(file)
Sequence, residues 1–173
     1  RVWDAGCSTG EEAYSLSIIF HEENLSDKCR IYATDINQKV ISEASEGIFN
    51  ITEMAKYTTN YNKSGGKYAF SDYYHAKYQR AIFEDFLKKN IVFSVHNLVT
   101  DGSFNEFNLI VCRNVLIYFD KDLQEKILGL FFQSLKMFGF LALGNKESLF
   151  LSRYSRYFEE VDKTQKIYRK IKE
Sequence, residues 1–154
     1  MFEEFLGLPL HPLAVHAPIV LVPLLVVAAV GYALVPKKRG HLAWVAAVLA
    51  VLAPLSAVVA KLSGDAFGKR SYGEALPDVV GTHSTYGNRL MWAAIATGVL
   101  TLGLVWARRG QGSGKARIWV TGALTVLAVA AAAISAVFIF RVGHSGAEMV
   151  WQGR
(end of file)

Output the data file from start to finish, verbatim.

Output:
Sequence, residues 1–173
     1  RVWDAGCSTG EEAYSLSIIF HEENLSDKCR IYATDINQKV ISEASEGIFN
    51  ITEMAKYTTN YNKSGGKYAF SDYYHAKYQR AIFEDFLKKN IVFSVHNLVT
   101  DGSFNEFNLI VCRNVLIYFD KDLQEKILGL FFQSLKMFGF LALGNKESLF
   151  LSRYSRYFEE VDKTQKIYRK IKE
Sequence, residues 1–154
     1  MFEEFLGLPL HPLAVHAPIV LVPLLVVAAV GYALVPKKRG HLAWVAAVLA
    51  VLAPLSAVVA KLSGDAFGKR SYGEALPDVV GTHSTYGNRL MWAAIATGVL
   101  TLGLVWARRG QGSGKARIWV TGALTVLAVA AAAISAVFIF RVGHSGAEMV
   151  WQGR